Vladimir Chizhov, Russia's emissary to the European Union, said the plan calls for Syria's chemical weapons to be placed under international supervision -- inside that country initially, at least.
"The ultimate aim is to have these weapons destroyed," Chizhov told CNN's Christiane Amanpour.
He acknowledged the task of gaining control of the weapons and destroying them with a civil war raging in Syria won't be easy, voicing worries about what rebel fighters might do.
Separately, the United States, France, and Britain discussed a U.N. Security Council draft resolution, according to a spokesman for British Prime Minister David Cameron.
How long will window be open?
Ambassadors from the U.N. Security Council's five permanent members -- the United States, Russia, China, Britain and France -- met the same day for less than an hour, a diplomat with knowledge of the meeting said.
While the focus now is on Switzerland, U.N. headquarters in New York is expected to become the focal point early next week when U.N. chemical weapons inspectors deliver their report to the Security Council -- as early as Monday or Tuesday, sources say -- on the August 21 attack in Syria.
In Washington, the debate about what the United States should do in Syria is not over. While Obama has said he wants to give the diplomatic process a chance, he hasn't said how long he'll wait before possibly pushing again for military action.
After his meeting earlier this week with Senate Democrats, Sen. Dick Durbin said the president asked lawmakers "for some time to work things out -- a matter of days into next week." Another Senate Democrat, though, said it could take weeks to determine if diplomatic efforts will pan out.
Members of Congress will watch Kerry's trip closely for a sense of Obama's next move after weeks of beating the drum for military action against Syria.
"If diplomacy fails, he's painted himself into a corner," Sen. Lindsey Graham said after Obama's speech. "The leader of the free world can't say all these things at the end of the day and do nothing."
Senior State Department officials have cautioned that negotiations over the proposed deal may not conclude after the scheduled round of talks in Geneva. The plan would be to take any final deal to the U.N. Security Council to be formalized in a resolution.
Outcome far from certain
While that process unfolds -- if it does successfully -- Obama continued to keep the door open for military action, despite exhortations from Putin that he drop any hint of a threat.
The U.S. president has said any military operation in Syria would be targeted, limited and not involve U.S. ground forces. Its goal would be to degrade al-Assad's ability to use chemical weapons.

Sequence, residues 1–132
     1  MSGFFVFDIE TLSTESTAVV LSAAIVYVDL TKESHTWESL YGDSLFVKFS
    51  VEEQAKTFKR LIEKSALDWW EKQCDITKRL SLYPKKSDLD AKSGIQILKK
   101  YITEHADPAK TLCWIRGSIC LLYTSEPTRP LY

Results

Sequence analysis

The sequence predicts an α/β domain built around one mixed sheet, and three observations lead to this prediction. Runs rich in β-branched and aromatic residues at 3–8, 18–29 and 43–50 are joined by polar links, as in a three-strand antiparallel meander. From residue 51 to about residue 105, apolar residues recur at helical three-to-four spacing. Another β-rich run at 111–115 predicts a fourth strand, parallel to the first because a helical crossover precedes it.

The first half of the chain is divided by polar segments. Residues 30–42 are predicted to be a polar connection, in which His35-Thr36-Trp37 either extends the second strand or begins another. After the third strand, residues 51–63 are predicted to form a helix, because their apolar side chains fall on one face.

Obama has also said any strike would be effective -- saying Tuesday that "the United States military doesn't do pinpricks" -- and he has ordered armed forces to be poised in the region "to keep the pressure on Assad."
U.S.-funded (if not U.S.-made) weapons began flowing to Syrian rebels about two weeks ago, a U.S. official said. Coordinated by the CIA, the supplies include light weapons, ammunition and anti-tank weapons in addition to nonlethal aid the United States has long been providing.
A big question looming over the diplomatic talks is whether any U.N. resolution includes a potential for military action should al-Assad not cooperate. That's something the United States and its allies have favored, while Putin has said his country could veto any measure there that contains such a threat.
Analysts say Kerry, as leader of the U.S. diplomatic efforts, has his work cut out for him.
"I think it's unlikely the Russian government is going to relent on this issue of whether or not it would support the use of force in a security council resolution," said Nicholas Burns, a former senior State Department official now at Harvard University's Kennedy School of Government.
"They've been consistent since day one of the Syrian crisis that they did not want to see the United States or anyone else use force. I think that's one of the ambitions the Russians have going into this negotiation in Geneva," he added.
Former Secretary of State Madeleine Albright said in an exclusive interview on CNN's "The Lead with Jake Tapper" that Kerry must not take the threat of force off the table in his talks with the Russians even if they insist he drop it.
"This is the way that diplomacy works. You use the threat of the use of force to get some action in diplomacy, and then diplomacy just to figure out what you do about the threat of the use of force," said Albright, who served as America's top diplomat under President Bill Clinton.
"One of the things I know from trying to get Security Council resolutions is that they take a while," said Albright. "But my personal feeling here is that it is that threat of the use of force, and the president made very clear that our ships would stay in the area, and that the use of force would stay on the table."